Photographs of Tasha Tudor have always reminded me of my great grandmother, Lyda Rebecca Pair, who dressed very similarly, cooked on a wood stove, had no running water, dipped snuff with a chewed twig, and spat the icky stuff in a blue Chase & Sanborn Coffee can.
I think she would have looked very cute with a pair of fairy wings on her back. She died at the age of 96 when I was 6.
That's me, looking very much like a little boy, sitting next to her.
I started creating my own fairies for escape
and respite during a double-whammy-dismal time.
Over a period of several years I noticed that both
their expressions and poses got happier as I did.
Eventually, I didn't need them anymore; which
was a bit sad since they were done with more love
and passion than anything else I have ever made.
My husband, Greg, doesn't form
many attachments. Even so, he has told me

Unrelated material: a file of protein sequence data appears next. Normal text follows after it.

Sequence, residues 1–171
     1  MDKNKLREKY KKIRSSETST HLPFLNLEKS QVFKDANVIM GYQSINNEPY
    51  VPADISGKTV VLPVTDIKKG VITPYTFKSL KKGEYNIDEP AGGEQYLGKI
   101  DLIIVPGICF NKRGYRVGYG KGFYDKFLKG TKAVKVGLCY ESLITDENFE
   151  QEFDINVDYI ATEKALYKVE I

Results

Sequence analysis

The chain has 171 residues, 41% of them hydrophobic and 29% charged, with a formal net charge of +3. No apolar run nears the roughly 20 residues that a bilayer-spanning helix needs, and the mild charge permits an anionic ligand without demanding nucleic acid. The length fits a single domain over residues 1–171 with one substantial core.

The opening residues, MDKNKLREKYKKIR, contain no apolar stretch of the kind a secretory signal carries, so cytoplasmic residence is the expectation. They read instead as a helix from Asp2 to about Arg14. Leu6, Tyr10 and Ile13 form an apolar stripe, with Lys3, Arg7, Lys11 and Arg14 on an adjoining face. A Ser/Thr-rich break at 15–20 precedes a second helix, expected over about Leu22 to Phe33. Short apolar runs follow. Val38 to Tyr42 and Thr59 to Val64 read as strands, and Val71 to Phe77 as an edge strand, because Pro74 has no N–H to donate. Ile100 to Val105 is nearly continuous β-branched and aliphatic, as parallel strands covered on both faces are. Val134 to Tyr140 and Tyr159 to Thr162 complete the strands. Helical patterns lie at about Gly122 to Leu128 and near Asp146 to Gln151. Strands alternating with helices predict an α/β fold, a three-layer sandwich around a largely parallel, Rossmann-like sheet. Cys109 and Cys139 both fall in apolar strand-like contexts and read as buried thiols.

that if anything ever happens to me, he could
never let Meg go. That is one of the most
treasured things I have ever been told.
Meg was made in 1996,the year my first husband
and I divorced and the fairies started smiling.
I think I made the last fairy in 1999.
Getting ready for the festival has been fun... making wings and costumes for me, and floral leather collars, pendants, earrings, necklaces, shoe pins, belts, and hat bands to offer festival attendees.
I did discover, though, that attaching 36 shells and 72 beads to the bottom of a fairy skirt is not a good idea. It makes for a very unfairy-like clatter and all will have to be removed so the noise doesn't drive me, and everyone else in close proximity, completely mad.
Looking forward to meeting
a new set of like-minded
souls and hoping those
who take my pieces home
from Spoutwood will find as
much joy in wearing them
as I feel dreaming them up
and bringing them to life.